Only 1.2 Percent of People Got a Perfect Score on This Photographic Memory Test—See If You Can
Do you have a photographic memory, a thing that may or may not exist?
UK-based vision company Lenstore has an online game called Photographic Memory. For just seven seconds, players are shown a variety of photos—10 images total—and have to answer multiple choice questions about them. For instance: You’ll see a busy photo filled with potted plants. What kind of pot are the plants in? They’ll ask you specific and detailed questions about colors, how many people are in the photo, what kind of food is in the bowl on the table, and what type of flag is hanging up, and what wasn’t in the photo. Some of the photos have a lot of content, while others are more minimal.
In June 2019, Lenstore surveyed 2000 UK adults who played the game. They discovered that six out of 10 was the most common score, with only 1.2 percent of participants getting all 10 questions correct. Seventy-one percent of the participants that received a perfect score were female, and 92 percent of those who scored 10 out of 10 do regular brain exercises.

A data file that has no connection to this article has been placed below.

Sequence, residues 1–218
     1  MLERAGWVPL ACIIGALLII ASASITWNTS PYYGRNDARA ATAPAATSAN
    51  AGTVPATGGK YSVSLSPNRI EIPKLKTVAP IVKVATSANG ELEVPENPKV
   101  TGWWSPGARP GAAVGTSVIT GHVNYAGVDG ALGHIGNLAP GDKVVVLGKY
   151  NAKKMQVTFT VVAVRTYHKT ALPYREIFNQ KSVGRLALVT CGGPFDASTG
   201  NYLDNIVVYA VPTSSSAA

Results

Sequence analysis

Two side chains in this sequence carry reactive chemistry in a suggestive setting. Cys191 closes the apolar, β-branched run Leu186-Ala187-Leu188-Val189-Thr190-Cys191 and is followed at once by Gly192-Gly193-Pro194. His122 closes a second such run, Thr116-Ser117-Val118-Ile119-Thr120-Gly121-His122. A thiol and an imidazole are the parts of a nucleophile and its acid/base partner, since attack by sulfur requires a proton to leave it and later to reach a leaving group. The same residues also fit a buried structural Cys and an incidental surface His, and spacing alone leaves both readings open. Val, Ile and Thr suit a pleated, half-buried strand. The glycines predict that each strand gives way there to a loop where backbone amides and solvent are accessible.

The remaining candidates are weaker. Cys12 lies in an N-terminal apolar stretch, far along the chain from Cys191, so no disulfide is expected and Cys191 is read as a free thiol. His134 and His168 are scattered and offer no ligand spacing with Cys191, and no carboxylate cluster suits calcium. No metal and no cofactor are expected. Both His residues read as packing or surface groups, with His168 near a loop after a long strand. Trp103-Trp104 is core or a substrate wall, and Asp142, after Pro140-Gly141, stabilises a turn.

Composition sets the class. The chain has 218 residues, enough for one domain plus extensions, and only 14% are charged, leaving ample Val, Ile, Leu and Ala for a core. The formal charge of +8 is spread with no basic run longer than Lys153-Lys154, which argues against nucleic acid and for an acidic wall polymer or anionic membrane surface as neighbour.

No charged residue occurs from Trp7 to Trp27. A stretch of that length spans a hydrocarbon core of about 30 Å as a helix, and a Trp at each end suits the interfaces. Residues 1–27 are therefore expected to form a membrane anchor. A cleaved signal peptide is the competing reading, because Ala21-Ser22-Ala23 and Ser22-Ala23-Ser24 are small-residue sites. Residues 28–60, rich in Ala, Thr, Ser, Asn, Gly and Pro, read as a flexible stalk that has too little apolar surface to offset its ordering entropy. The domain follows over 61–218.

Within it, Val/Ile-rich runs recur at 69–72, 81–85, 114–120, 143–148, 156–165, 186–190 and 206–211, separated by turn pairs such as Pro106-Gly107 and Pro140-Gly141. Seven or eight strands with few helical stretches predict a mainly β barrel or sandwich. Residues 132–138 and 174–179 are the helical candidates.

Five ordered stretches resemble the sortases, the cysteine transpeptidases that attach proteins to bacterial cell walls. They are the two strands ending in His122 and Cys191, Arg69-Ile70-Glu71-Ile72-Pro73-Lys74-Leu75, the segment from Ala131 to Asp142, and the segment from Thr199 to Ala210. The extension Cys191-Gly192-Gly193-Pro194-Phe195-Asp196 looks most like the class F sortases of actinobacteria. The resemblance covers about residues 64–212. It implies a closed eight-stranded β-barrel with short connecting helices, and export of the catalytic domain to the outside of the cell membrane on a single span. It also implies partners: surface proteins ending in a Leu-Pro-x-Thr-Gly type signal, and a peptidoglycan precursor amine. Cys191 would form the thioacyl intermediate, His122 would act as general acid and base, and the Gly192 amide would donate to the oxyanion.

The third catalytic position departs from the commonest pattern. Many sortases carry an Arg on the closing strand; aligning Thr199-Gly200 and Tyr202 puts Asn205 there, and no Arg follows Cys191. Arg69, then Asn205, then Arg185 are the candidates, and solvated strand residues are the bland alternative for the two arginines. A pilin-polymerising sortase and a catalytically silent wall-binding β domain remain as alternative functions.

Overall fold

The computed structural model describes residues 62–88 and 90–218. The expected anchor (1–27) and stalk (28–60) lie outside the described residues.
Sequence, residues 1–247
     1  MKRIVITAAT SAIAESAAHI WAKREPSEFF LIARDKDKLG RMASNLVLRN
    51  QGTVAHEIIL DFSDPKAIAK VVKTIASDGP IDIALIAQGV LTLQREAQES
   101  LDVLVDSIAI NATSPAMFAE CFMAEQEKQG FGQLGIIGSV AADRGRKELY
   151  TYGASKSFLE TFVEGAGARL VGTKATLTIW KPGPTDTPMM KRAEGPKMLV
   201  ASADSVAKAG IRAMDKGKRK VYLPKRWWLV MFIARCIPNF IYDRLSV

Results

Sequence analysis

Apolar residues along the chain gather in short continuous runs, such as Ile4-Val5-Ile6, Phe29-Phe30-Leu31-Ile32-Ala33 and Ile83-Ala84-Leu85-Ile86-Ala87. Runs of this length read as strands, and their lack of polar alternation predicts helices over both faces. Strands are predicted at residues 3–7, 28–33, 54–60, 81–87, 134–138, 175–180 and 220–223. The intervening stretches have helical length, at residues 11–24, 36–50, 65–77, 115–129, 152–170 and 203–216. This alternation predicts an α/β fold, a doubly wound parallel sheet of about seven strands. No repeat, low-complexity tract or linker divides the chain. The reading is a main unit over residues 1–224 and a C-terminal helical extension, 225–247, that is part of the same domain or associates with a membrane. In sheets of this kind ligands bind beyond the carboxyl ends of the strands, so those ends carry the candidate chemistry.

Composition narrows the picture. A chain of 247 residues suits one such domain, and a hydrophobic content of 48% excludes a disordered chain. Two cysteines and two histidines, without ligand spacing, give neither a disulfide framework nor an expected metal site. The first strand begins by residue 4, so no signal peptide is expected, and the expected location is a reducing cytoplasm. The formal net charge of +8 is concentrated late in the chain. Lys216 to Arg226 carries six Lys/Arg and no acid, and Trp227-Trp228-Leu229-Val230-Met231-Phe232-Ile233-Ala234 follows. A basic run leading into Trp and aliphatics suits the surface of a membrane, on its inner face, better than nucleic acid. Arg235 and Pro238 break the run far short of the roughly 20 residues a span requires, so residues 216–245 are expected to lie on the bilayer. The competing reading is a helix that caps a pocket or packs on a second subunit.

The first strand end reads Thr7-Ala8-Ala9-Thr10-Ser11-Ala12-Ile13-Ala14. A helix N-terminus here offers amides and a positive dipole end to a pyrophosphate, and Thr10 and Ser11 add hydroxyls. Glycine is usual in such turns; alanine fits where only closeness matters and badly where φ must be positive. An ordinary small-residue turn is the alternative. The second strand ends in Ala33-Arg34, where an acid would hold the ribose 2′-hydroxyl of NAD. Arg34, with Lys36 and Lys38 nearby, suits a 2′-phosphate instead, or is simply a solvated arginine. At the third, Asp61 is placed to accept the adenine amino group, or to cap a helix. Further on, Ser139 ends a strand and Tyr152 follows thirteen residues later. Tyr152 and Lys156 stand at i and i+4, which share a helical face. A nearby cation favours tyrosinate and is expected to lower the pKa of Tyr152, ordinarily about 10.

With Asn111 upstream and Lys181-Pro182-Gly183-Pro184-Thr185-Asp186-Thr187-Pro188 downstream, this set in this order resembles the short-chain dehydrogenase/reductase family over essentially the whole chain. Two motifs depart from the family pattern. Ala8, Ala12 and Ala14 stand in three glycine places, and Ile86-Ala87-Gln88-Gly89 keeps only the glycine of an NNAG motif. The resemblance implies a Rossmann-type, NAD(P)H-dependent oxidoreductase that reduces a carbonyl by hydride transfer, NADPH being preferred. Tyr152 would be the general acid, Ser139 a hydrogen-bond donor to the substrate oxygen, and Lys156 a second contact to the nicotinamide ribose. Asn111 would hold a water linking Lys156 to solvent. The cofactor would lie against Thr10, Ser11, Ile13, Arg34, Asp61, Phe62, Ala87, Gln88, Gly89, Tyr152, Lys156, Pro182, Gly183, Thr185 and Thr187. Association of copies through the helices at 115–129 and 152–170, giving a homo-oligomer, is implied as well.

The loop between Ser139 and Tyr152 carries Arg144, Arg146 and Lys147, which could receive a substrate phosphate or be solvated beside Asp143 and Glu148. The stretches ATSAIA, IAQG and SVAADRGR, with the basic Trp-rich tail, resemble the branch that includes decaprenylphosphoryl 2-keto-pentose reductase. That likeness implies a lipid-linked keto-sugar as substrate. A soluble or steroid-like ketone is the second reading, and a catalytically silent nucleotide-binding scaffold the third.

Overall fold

Sixty-six percent of the perfect scores landed in the 18- to 34-year-old demographic, and 83 percent of perfect scores came from people who have an artistic hobby and/or play video games at least once a week.
Those who want to work on their photographic memory skills can take the test multiple times; each time it includes a mix of familiar and new images. Once you know what to look for, the game becomes less frustrating. And then you can apply those skills to the real world.
In a press release, memory expert and author Kevin Horsley gave a tip for remembering: “Connect to what you already know,” he said. “If you wanted to remember that the Zulu word for dog is inja, then you could think of an injured dog. If you connect the new information to what you already know, then you will strengthen your memory network.”
Once you’re done, try solving Einstein’s famous house riddle, test your color perception, and try out this math problem for fifth graders.
A version of this story ran in 2019; it has been updated for 2023.